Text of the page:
Belay Device Policy


Assisted Braking Device (ABD) Policy

Effective March 13th, 2019, Spire will require the use of assisted braking belay devices and will no longer allow the use of tube style devices for belaying.
Why?  Because safety is the number one priority at Spire.  As the sport of climbing evolves, so does the technology that keeps us safe.  Years ago, some of the best climbers in the world used a Figure 8 (belay device) and even a Munter hitch to belay.  Today, the Munter hitch, which was popularized in 1970, is generally considered an "emergency only" option, and the last Figure 8 belay device you likely saw was hanging from Sylvester Stallone’s harness in Cliffhanger (1993).  
We realize that tube style belay devices may still have a place in climbing, and this is not an attempt to "water down climbing."  It is more an effort to make our facility and sport as safe as possible.  If you already use an assisted braking device you won't be affected by this change.  For those who still use tube style devices, we encourage you to explore newer assisted braking devices such as the Black Diamond Pilot, Mammut Smart, or Edelrid Mega Jul, etc, if you'd like to continue to belay at Spire.  The American Alpine Club has a great article on how you can increase your safety by using an assisted-braking device, both indoors and outside, which we’d highly recommend giving a read.
At the end of the day, our first priority at Spire is to make sure everyone stays safe while having a great time.  We would be devastated if a life-changing accident happened in our facility that could have been prevented, and we feel that it is our duty to reduce these accidents to the best of our ability.  Switching to only allowing assisted braking belay devices, a move that many climbing gyms across the nation are making to improve safety in their facilities, is the next step in making sure everyone returns home safely after a great session at the gym.


What is the difference between a tube-style device and an assisted braking belay device?

Assisted braking devices are classified as either mechanical or geometric and aid in safe belaying by providing extra stopping force via the geometry of the device or a mechanism that grabs the rope in the event of the belayer losing control of the brake strand of the rope.  Some examples of assisted brake devices are the Petzl GriGri, Black Diamond Pilot, Edelrid Mega Jul, and Mammut Smart.  They should still be treated like a classic ATC with the belayer always maintaining control of the brake strand of the rope.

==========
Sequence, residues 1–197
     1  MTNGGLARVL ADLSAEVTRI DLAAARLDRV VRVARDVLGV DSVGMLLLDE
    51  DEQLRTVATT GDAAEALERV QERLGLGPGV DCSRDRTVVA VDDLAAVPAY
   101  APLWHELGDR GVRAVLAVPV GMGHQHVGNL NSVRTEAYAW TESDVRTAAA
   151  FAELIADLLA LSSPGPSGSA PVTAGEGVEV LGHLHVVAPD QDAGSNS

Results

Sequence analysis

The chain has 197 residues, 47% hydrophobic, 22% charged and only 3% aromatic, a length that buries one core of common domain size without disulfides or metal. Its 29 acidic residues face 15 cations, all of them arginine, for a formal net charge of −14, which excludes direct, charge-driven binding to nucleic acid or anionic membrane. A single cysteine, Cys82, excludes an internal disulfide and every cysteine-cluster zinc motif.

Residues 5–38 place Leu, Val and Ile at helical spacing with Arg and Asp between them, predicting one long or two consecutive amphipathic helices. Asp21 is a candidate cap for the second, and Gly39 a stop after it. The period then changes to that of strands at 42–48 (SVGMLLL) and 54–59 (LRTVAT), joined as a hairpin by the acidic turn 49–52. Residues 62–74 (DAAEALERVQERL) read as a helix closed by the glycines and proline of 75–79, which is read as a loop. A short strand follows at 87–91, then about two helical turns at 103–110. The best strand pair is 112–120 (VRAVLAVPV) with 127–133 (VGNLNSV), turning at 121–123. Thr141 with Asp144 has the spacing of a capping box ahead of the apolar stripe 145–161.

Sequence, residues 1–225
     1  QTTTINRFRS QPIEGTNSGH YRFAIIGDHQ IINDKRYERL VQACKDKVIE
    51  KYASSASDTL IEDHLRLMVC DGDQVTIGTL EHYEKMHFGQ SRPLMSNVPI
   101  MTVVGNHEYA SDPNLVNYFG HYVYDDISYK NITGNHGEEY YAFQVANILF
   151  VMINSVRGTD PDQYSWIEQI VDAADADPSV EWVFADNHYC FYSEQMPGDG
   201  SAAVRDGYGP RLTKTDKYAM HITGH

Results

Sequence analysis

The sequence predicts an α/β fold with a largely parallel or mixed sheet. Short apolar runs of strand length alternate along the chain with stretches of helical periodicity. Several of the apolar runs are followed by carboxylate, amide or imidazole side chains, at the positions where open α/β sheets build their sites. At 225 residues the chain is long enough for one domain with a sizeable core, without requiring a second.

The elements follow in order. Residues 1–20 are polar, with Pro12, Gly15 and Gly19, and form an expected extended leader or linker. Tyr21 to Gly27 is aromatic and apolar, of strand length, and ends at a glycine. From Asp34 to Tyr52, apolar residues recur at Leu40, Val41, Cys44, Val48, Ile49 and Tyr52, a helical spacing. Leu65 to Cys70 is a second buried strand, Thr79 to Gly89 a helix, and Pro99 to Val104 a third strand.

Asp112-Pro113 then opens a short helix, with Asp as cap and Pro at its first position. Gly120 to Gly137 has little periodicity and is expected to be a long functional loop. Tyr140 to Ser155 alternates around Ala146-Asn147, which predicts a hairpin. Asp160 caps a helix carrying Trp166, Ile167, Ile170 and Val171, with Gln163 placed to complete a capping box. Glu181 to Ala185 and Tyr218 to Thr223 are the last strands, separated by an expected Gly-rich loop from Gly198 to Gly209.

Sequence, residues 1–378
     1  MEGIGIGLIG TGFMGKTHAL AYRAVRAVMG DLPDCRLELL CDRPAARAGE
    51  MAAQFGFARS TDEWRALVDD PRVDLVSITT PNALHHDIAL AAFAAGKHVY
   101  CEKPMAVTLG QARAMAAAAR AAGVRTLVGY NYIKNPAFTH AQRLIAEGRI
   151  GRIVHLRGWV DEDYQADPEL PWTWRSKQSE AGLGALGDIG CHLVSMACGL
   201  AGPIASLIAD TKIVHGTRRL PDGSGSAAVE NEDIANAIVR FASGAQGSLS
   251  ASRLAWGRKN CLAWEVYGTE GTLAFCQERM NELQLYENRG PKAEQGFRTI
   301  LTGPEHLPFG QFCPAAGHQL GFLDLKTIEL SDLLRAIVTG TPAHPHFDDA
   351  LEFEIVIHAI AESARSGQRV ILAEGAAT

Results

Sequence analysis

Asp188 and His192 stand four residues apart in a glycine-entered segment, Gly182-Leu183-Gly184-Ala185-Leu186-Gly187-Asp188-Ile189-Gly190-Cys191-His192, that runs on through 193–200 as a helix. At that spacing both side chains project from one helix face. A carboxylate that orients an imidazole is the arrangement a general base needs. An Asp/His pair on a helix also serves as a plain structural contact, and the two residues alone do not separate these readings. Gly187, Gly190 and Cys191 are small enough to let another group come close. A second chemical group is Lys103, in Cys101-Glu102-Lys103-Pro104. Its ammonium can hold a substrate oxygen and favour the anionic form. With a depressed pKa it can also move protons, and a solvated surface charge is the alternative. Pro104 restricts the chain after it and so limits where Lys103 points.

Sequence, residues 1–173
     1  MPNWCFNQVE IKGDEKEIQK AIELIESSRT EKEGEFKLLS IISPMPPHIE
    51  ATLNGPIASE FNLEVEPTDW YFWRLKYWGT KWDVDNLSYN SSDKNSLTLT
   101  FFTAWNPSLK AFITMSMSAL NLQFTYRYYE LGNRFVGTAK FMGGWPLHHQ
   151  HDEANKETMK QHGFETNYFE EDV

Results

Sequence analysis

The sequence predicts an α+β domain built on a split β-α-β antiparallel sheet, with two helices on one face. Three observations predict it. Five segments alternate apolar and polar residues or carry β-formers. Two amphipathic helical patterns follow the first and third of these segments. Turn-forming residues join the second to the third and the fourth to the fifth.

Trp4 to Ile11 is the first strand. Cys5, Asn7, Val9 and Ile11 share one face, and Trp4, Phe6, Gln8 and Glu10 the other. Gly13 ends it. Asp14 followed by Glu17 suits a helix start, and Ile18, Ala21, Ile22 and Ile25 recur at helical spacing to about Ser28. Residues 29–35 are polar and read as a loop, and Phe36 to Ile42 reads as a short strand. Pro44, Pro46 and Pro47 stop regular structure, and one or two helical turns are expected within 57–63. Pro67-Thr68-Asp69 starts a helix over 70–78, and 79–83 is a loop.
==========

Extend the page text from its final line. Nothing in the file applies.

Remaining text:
Tubular belay devices do not provide a backup in the event of a belayer losing control of the brake strand and work via the belayer holding their hand in a downward position to apply friction between the rope and the device to catch a fall.  Some examples are the Petzl Reverso and Black Diamond ATC.

I've never used an assisted brake belay device before.  Can I get some help?

Absolutely! Our free Intro to Assisted Brake Belay Devices class will help you learn the ins and outs of belaying on an assisted braking belay device.

Will I need to retake my lead test?

If you are already using an assisted braking device, then you will simply need to check in at the front desk to receive a new tag and orientation on our new policy.

I currently use an ATC; what do I need to do so I can lead belay as of March 13th?

If you are already comfortable with an assisted braking belay device, you will need to switch to using that device exclusively in our facility and chat with the front desk for a quick orientation.  If you need help transitioning to an assisted braking device and need just a few pointers to safely switch devices, come chat with the front desk for an orientation.  If you know nothing about assisted braking devices and need further instruction, please take our free Intro to Assisted Brake Belay Devices class, with more information and dates available below.

Will you have assisted braking belay devices for use if I don't own one? 

Yes, we will have free rentals of GriGris and Black Diamond Pilots on a first come, first served basis, alongside demo units of every assisted-braking device that we sell.  We will also be discounting all assisted braking belay devices we sell by 20% until April 1st.

How will this change the Spire Lead Belay Assessment?

To complete a lead belay assessment we will require the use of an assisted braking device.  In addition to our standard lead belay assessment, participants will be required to verbally explain the difference between belaying with a standard tube style device and an assisted braking device.

I use an assisted braking device that isn't on your list, can I use it?
Unfortunately, no.  You can continue to use your tube style belay device until March 13th, at which point you will have to transition to an assisted braking device to continue to belay in our facility.  Our list of approved devices can be found below.  


If you have any other questions or feedback please feel free to reach out at